Sunday, 8 May 2011

FILICIDE with Suicide: the issue discussed

OAK HARBOR -- Alan Atwater abused his wife Dawn, forced her to quit her job and encouraged her to have sex with one of his friends, family friends told authorities.
But despite problems in their marriage, Atwater told his aunt he was determined to change and make his wife understand she and their children were most important to him.
Dawn Atwater, however, told him and her friends she wanted to separate, according to Ottawa County Sheriff's Office reports.
These details, released last week, provide some possible explanation as to why Alan Atwater might have killed his wife and then himself with a gun April 16. Dawn Atwater told a friend her husband had threatened to commit suicide if she ever left him, according to reports.
"I'm just sick," Colette Yontz, a friend of Dawn Atwater, told investigators. "Just sick because we all knew this was going to happen."
What is more of a mystery is why he turned the gun on the couple's children, Ashley, 4, Isaac, 2, and Brady, 1.
Killing the children doesn't fit with the normal profile for murder-suicides related to marital problems, said Katherine van Wormer, professor of social work at the University of Northern Iowa and author of "Death by Domestic Violence: Preventing the Murders and the Murder-Suicides."
In cases where men kill their entire families -- an action known as familicide -- usually the man has lost his job or has other financial problems where he feels he can no longer provide for his family, she said.
"He may have killed her and felt he couldn't leave them," van Wormer said of the Atwater children.

Reasons for killings

There are five things that motivate people to kill their children, said Phillip Resnick, professor of psychology at Case Western University.
They are: Altruism, the idea the children are better off dead; revenge against the spouse, often over a custody battle or infidelity; the perpetrator is acutely psychotic; unwanted children, usually newborns killed by unwed mothers; and child battering, where a parent goes too far with disciplining a child and accidentally kills the child.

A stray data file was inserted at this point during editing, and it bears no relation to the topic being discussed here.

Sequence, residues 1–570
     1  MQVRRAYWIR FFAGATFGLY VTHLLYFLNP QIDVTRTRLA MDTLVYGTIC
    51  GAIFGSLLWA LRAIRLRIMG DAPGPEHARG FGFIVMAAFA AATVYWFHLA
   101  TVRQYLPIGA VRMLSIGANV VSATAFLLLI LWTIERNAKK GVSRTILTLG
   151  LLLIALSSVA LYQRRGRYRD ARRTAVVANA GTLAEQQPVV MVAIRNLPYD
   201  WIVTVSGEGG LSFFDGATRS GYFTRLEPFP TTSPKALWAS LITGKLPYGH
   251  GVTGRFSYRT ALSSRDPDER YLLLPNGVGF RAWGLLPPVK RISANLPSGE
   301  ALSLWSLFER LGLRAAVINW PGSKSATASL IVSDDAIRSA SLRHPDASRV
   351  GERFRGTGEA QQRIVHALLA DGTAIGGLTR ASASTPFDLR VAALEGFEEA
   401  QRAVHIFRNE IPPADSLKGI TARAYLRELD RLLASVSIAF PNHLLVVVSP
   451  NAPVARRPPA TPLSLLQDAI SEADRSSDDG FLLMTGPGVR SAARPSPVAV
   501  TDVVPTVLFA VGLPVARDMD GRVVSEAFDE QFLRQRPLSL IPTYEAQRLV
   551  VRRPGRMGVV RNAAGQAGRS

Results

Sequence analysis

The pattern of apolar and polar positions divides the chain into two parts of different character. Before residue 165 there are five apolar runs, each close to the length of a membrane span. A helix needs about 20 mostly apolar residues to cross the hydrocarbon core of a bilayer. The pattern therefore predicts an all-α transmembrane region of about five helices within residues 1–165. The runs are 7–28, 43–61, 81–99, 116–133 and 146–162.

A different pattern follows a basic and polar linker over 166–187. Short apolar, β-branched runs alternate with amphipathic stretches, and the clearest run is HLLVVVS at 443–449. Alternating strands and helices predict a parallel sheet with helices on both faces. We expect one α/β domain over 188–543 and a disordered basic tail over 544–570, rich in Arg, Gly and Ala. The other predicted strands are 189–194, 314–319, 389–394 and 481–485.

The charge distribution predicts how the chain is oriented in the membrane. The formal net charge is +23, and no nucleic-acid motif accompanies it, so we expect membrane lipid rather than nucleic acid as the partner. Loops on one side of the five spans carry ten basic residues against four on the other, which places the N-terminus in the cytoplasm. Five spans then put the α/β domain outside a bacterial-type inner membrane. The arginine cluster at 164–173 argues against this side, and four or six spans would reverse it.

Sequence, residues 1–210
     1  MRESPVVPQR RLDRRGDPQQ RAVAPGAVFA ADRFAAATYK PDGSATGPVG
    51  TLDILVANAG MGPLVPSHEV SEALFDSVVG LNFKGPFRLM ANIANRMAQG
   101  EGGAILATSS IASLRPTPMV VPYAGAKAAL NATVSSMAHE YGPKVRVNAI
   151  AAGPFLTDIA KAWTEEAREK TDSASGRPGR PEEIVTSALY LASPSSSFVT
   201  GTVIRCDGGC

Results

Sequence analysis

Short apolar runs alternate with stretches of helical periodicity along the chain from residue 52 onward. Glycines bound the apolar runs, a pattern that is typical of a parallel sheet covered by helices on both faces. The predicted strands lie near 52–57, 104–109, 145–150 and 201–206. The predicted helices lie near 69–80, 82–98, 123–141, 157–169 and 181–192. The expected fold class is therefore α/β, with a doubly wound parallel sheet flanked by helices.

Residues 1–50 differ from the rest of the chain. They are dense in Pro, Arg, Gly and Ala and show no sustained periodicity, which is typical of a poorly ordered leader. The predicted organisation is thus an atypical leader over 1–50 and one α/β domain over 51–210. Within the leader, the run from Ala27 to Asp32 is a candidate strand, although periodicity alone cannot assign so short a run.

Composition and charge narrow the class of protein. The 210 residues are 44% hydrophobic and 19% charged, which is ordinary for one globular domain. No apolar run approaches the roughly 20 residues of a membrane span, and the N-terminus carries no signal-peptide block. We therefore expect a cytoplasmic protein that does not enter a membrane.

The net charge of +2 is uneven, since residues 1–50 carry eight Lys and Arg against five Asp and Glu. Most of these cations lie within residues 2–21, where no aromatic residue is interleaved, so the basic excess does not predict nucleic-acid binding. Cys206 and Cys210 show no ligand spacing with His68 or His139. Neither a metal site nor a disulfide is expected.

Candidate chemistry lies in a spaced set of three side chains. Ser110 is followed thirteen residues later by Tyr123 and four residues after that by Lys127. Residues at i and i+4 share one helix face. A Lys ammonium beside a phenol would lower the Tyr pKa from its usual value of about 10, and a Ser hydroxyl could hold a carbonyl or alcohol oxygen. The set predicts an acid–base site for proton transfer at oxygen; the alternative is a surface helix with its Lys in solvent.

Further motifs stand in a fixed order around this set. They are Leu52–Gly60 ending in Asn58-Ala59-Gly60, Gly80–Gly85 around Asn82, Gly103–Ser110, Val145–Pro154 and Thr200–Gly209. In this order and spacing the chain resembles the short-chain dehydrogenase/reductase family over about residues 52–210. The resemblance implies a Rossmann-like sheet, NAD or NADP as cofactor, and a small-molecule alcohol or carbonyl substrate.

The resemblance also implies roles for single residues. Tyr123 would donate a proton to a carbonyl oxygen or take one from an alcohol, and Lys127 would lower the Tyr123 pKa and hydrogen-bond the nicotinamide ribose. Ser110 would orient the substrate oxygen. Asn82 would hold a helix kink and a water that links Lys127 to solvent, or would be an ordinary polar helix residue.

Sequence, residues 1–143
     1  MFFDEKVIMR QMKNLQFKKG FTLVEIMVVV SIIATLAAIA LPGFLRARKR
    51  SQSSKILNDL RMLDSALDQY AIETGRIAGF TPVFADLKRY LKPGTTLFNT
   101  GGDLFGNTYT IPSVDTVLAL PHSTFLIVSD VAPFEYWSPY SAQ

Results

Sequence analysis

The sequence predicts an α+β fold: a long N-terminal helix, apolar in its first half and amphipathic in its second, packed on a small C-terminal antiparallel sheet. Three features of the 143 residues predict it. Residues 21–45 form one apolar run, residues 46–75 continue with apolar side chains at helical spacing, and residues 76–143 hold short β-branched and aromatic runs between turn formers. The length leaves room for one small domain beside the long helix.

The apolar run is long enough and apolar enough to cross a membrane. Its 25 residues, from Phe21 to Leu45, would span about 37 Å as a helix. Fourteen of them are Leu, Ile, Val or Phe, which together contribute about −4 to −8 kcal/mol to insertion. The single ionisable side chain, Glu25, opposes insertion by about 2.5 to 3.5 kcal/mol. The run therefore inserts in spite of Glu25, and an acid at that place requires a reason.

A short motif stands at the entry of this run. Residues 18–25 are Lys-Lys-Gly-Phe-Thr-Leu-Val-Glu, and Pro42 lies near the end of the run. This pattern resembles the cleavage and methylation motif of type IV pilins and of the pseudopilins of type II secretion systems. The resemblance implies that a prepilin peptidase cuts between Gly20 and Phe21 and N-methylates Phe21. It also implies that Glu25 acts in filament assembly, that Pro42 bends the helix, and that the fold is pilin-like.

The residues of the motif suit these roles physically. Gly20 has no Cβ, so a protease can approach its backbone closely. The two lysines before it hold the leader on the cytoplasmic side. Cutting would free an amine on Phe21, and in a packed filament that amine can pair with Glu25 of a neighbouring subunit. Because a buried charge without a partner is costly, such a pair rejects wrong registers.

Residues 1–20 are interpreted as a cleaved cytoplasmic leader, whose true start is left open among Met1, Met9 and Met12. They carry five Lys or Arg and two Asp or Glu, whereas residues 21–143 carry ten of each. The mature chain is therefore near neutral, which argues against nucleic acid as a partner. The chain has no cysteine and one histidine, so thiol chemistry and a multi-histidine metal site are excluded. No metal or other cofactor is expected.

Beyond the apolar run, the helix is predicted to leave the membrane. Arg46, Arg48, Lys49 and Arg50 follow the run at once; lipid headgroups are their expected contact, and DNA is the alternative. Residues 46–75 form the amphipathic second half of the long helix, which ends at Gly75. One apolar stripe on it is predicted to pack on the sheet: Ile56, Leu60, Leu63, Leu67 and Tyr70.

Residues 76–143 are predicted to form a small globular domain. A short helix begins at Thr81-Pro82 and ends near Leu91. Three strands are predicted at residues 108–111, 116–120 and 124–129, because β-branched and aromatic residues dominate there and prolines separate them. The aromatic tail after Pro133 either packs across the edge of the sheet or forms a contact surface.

"If a man kills himself along with the children, it's more likely to be altruistic," Resnick said. "A man believes his family is better off in Heaven than in the world."
Resnick, who said he likely has interviewed more parents who killed their children than anyone else in the United States, is considered an expert on the subject. He testified for the defense in the trial of Andrea Yates, a Texas woman who drowned her children in a bathtub in 2001, and consulted on the case of Susan Smith, a South Carolina woman who murdered her two young children in 1994.
In 95 percent of familicide cases, men are the perpetrators, he said. Two-thirds of the time, a man who kills his children and himself also kills his wife, he said.
"Women may kill their children and themselves but rarely will kill their husbands," he said.
Men tend to feel responsible for the entire family and do not want to leave them behind, Resnick said. In situations with domestic problems, the men sometimes feel they cannot live without their partners or consider their partners the source of their pain, van Wormer said.
"Often these are men who are very dependent emotionally on their wives," she said. "They justify it as saying she's killing him, so he's going to kill her because she's the source of his pain.
"Once they take this first step, they feel they have to take the second step (suicide)."
Although Alan Atwater may not have planned to kill himself, he apparently had settled on doing so when he called the sheriff's office to report the deaths of his wife and children.
In that call, he calmly admitted to killing them and then said he was going to kill himself. Then he hung up.
Resnick, speaking in general, said people who commit suicide may be agitated at first while trying to decide whether or not to go through with it.
"Once they make a decision to do it, they feel at peace," he said.

Statistics elusive

Every year, more than 32,000 people commit suicide, and another 18,000 are victims of homicide, according to the Centers for Disease Control and Prevention.
Determining how many of those deaths result from homicide-suicide cases, however, is more difficult.
The CDC's National Violent Death Reporting System collects data from 16 states -- not including Ohio -- so numbers from those states cannot be considered representative of the entire country. In 2008, 175 people in those states died of homicide followed by suicide, according to the system.
What is known about these cases is that a past history of domestic abuse is the biggest risk factor, according to the National Institute of Justice, which is part of the U.S. Department of Justice. A study about murder-suicides conducted by Jacquelyn Campbell, professor at Johns Hopkins University's School of Nursing, showed domestic violence had been a past problem in 70 percent of the cases.
However, 25 percent of these incidents of violence showed up in police arrest records, according to the institute. The researchers in Campbell's study learned about the past incidents after interviewing family and friends of the homicide victims, according to the institute.

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